LONDON: Paul Barber, experienced chief executive of English Premier League club Brighton, has said it would be “really hard to imagine” competition resuming on April 4 as currently projected.
Brighton’s match against Arsenal was postponed ahead of the wholesale wipe-out after Gunners’ manager Mikel Arteta tested positive for coronavirus on Thursday.
The next morning the major football organisations agreed a total suspension until April 4.
Barber, interviewed on BBC television, said: “We have several teams in self-isolation, which makes it difficult to think about that date.
“Those players have not just got to self-isolate for 14 days, they’ve got to get themselves close to match fitness again, which could take another seven to 14 days. So we’ve got a number of complexities here, which go way beyond thinking of the finances.”
FA chairman Greg Clarke is concerned that the season may have to be abandoned.
The UK’s chief medical officer, Professor Chris Whitty, has said the peak of the UK outbreak is most likely 10 to 14 weeks away, which would be late May or early June.
Premier League clubs will meet on Thursday, two days after UEFA holds a video-conference of all its 55 member associations to discuss the effects of the crisis and the probability of the Euro 2020 finals being postponed.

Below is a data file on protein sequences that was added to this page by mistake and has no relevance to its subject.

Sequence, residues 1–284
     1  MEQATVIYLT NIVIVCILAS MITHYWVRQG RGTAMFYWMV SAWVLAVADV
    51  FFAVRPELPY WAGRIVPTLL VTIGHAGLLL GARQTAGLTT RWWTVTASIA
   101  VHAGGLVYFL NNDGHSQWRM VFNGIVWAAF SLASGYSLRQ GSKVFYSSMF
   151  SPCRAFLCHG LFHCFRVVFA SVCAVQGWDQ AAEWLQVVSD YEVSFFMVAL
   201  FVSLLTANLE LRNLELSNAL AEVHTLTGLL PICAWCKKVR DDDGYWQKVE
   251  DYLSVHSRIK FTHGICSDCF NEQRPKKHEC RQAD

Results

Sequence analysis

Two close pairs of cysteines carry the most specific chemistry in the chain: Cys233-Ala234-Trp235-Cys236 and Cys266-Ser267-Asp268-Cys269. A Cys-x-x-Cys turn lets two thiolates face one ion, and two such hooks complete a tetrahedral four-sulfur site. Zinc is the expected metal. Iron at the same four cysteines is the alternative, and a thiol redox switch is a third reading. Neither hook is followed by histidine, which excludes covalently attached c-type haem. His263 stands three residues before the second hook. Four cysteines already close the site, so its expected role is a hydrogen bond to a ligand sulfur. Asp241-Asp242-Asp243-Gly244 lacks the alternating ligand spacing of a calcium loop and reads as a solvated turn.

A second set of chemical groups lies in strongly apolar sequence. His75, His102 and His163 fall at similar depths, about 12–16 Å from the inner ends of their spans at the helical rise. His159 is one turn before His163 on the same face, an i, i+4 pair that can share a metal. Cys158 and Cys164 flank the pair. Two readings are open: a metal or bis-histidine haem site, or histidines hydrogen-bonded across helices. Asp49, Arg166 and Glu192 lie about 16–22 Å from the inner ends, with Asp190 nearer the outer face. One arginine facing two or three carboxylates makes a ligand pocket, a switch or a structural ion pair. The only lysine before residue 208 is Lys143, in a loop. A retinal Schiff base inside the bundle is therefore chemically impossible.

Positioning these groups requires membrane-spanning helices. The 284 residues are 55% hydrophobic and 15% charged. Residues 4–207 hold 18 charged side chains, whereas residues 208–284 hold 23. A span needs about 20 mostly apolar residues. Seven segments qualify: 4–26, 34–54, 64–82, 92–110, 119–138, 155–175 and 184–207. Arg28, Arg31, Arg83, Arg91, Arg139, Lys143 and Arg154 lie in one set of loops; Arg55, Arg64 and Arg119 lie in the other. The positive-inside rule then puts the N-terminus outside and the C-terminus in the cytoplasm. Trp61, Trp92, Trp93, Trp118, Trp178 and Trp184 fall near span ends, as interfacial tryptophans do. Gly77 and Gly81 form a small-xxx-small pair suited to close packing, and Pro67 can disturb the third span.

Barbed added: “Every league starts with an expectation of completing all 38 fixtures, as it is in the Premier League, and we want to be able to do that.
“Our intention must be to play the fixtures, but it’s really hard to imagine putting on a football game in the Premier League in two or three weeks’ time given the scenario we are in.
“If we were to freeze the league it would be incredibly unjust for Liverpool to not be awarded the title, because everybody in the game appreciates what a fantastic season they have had. Equally it would be unjust for teams to be relegated with nine or 10 games to go in the Premier League.
“I think it’s a possible option to leave the 20 teams in the league as it is but bring the top two in the Championship up.
“It gives us a larger league, with four relegation places next season and then two teams coming up again. It has some merit but there are a lot of issues to be worked through.”